Starring the Voices of: Ginnifer Goodwin, Jason Bateman and Idris Elba
Directed By: Bryan Howard, Rich Moore and Jared Bush
Running Time: 108 minutes
Walt Disney Studios Motion Pictures
Our Score: 4.5 out of 5 Stars
I doubt that Disney had plans to release “Zootopia” in the thick of the 2016 election season. I’m sure they also couldn’t predict the uneasy distrust and fear of culturally different people that’s currently permeating throughout our society. “Zootopia”, obviously by coincidence, has a beautiful message about not judging books by a cover, petty bullying to get one’s way, and stereotyping. It also discusses that no matter how far we think we’ve come and all the things we claim to know, a lot of us, including the best of us, are sometimes still primitive with our feelings and attitudes.
The anthropomorphic animals in “Zootopia” seemingly live in harmony. Every animal is broken down into prey or predator, but cheetahs and other carnivores live peacefully alongside giraffes and other herbivores (which makes you wonder what’s on the dinner plates of all these meat-eaters). It seems like the world’s focal point is a massive city known as Zootopia, which itself is divided in different climates to suit the creatures living there.
The movie itself starts out in the vast lands and countryside surrounding Zootopia. In Bunnyburrow, we meet Judy Hopps (Goodwin), a hopeful bunny that hammers in another theme of the movie, never give up on your dreams. Despite her size, and the stigmas surrounding her breed, she wants to become a cop in Zootopia. Despite her childhood trauma involving a boy fox who claws her, and everyone telling her to give up on her aspirations (even her parents), she does join the law enforcement after enduring a tense trial and error process.
Once she arrives to Zootopia, she doesn’t get any respect from her superiors or co-workers and is relegated to meter maid duty. The insults by angry motorists clutching their tickets and being relegated to menial tasks don’t ever kill her chipper demeanor. But a mocking career con-man fox, Nick Wilde (Bateman), who enters the picture, certainly changes her optimistic outlook into a much sourer one. So when 14 animals go missing from Zootopia and she’s tasked with finding one of the animals, an otter, she tries to make the most of it, and even finds out that Nick may know where the otter went.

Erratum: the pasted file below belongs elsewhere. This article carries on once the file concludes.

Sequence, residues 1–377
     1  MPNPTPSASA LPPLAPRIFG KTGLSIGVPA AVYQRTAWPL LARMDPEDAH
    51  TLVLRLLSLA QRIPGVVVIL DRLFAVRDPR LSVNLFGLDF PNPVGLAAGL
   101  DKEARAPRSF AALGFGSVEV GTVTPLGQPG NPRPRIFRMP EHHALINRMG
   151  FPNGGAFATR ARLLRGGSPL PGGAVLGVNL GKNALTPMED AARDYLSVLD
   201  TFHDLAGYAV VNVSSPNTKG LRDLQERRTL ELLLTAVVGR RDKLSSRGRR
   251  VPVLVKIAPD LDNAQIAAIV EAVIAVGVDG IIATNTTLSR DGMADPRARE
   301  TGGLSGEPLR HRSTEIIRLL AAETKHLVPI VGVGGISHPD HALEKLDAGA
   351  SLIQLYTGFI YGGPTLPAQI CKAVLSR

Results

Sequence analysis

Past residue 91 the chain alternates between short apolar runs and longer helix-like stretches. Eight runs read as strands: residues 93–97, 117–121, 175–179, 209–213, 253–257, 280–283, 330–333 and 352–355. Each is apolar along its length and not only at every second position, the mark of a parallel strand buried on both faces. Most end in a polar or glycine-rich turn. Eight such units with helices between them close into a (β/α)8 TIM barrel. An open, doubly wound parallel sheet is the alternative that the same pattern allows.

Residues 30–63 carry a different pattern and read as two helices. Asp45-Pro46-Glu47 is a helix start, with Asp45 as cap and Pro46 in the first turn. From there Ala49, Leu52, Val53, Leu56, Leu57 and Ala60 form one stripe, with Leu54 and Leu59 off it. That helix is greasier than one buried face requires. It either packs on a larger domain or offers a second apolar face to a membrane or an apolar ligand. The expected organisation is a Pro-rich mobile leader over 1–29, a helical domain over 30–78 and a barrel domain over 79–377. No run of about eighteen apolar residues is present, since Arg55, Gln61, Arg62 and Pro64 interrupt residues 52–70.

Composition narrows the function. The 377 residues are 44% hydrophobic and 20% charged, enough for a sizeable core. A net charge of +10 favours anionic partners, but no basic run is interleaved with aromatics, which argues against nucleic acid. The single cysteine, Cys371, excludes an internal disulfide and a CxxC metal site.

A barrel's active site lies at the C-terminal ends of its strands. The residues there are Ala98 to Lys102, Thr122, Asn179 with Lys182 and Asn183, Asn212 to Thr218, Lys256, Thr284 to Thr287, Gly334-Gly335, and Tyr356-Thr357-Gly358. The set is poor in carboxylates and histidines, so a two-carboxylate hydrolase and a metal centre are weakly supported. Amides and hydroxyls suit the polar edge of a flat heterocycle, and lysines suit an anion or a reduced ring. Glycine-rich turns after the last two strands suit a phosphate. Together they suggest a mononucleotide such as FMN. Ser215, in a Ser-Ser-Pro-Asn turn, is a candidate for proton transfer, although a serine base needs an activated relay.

In a world where studios continue to franchise building, Disney may have crafted one of the most deep, rich, and visually thrilling worlds. “Zootopia” could easily have a couple of sequels, its own TV show, and spin-offs because of how well planned out and distinct everything is. Everything, from the mice scurrying about in their own community, to sloths operating the DMV, and polar bears as mafia boss underlings, feels so well thought out, organized, and fluid. Lesser writers, directors, and studios, would have fumbled everything or not even tried something this enterprising.
“Zootopia” is populated with more rich visual sight gags than it does animals. Some of the jokes require you to keep your eyes on the screen, your ears fixed on dialogue, and a decent understanding of American pop-culture (think contemporary top 40 music, AMC award-winning TV shows and AFI’s third greatest movie of all time). There are an even proportion of jokes for kids and adults and for kids with a mature side and adults who never grew up. Even those who don’t warm up to Judy’s vivacious personality and Goodwin’s bubbly line delivery will still admit this is the cutest movie of the year.
There’s a lot to unpack with “Zootopia”, because it fires on all cylinders. The voice acting is spot-on, the visuals are crisp and engaging, and the three directors, two scriptwriters, and seven story writers never lost sight of what they wanted to do. They came together and layered every little bit instead of crowding our senses with it. A week after the 88th Academy Awards, we’re already looking at next year’s contender for Best Animated Feature.
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